Yishai. 'Pines causing damage'
Photo: Gil Yohanan
Pines. 'Law failed'
Photo: Niv Calderon
The Ministerial Committee on Legislation decided Monday not to support a bill submitted by Knesset Member Ophir Pines-Paz (Labor) for the annulment of the Tal Law, allows yeshiva students to postpone their military service and which was referred to by Pines as "the draft-dodging law."
Labor Party MKs attempted to postpone the discussion on the bill, but Shas chairman, Minister Eli Yishai, insisted that the discussion be held as planned.
Pines explained his bill by saying that "the implementation of the law is a complete failure. Only a tiny minority of yeshiva students have chosen to serve in the security forces, and their ability to contribute through national service hardly exists in practice.
"Instead of dealing with the draft dodging problem, the law has drastically worsened it," he added.
Yishai said after the discussion that "Pines' bill contradicts the coalition agreements."
A senior Shas official added, "It is unfortunate that the Labor Party, which is looking for an agenda, is attempting time and again to damage the status quo. There are apparently those in the Labor Party who have forgotten that an outlook is not a press release or a move doomed to fail, but rather consistent agenda."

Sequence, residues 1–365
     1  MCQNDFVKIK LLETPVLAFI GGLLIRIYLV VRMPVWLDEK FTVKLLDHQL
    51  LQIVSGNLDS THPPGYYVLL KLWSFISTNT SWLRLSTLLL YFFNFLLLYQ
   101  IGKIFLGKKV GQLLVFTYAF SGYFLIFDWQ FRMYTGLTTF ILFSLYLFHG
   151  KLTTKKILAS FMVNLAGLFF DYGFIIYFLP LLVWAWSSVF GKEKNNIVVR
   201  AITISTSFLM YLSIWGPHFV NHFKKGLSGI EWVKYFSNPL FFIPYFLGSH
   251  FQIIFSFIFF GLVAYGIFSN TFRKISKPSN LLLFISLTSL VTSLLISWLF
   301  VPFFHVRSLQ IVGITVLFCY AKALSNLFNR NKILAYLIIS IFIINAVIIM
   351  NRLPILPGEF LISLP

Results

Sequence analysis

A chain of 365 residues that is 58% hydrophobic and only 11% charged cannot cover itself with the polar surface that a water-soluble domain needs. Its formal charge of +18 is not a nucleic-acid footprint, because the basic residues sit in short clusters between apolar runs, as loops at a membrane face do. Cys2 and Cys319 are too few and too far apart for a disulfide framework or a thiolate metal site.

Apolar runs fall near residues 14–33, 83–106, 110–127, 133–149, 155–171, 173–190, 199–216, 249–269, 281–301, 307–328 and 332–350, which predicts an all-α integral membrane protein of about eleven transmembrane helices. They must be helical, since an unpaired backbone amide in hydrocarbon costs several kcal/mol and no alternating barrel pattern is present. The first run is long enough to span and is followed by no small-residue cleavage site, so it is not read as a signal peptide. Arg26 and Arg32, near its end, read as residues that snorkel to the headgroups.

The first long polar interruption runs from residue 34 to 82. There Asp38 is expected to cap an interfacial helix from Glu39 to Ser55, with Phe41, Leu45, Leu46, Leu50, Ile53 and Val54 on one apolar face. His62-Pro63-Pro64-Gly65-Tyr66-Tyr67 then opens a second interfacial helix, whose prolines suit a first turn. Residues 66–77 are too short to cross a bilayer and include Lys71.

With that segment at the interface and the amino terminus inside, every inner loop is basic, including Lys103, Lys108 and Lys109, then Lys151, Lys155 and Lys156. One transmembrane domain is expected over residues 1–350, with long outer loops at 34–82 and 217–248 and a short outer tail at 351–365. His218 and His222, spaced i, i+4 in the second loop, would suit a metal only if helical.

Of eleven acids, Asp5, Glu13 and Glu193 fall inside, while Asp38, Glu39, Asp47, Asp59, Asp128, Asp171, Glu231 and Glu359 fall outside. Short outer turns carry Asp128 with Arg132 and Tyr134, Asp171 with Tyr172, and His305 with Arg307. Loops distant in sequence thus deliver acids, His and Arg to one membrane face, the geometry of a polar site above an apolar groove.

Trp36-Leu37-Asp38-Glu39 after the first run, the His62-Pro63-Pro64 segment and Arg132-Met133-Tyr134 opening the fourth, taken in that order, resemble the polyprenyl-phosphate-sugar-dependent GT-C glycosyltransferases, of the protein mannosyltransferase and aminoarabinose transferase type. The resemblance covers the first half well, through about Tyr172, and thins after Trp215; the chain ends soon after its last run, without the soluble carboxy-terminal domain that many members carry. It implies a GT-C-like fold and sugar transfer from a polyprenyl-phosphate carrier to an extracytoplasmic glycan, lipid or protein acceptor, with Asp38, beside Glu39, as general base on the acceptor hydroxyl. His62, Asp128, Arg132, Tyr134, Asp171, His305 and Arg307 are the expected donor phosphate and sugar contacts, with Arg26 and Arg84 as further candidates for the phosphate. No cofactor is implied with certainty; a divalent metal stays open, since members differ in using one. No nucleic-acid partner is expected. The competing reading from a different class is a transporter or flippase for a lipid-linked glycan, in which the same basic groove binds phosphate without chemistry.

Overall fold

'Pines attempting to make headlines'Another official added that "Pines served as a member of the government with which his party signed the basic principles, and the law he himself proposed contradicts these principles. Pines has only caused damage to his friends in a bid to make headlines."
At the beginning of the month, Defense Minister Ehud Barak refused to approve the request of 1,000 yeshiva students to be exempted from military service as part of the "torato omanuto" (Torah is his profession) arrangement which exempts men from army service as long as they study Torah on a full-time basis.
The move sparked a row in the political arena, and Prime Minister Ehud Olmert promised Minister Yishai that there would be no change in the current situation.
Last summer, the Knesset voted in favor of extending the Tal Law, which allows yeshiva students to postpone their military service until the age of 22.
The Tal Law was approved by the Knesset about five years ago. According to the law, 18-year-old yeshiva students will be allowed to postpone their military service every year until the age of 22, when they will be allowed to work or study for a year outside the yeshiva without joining the army.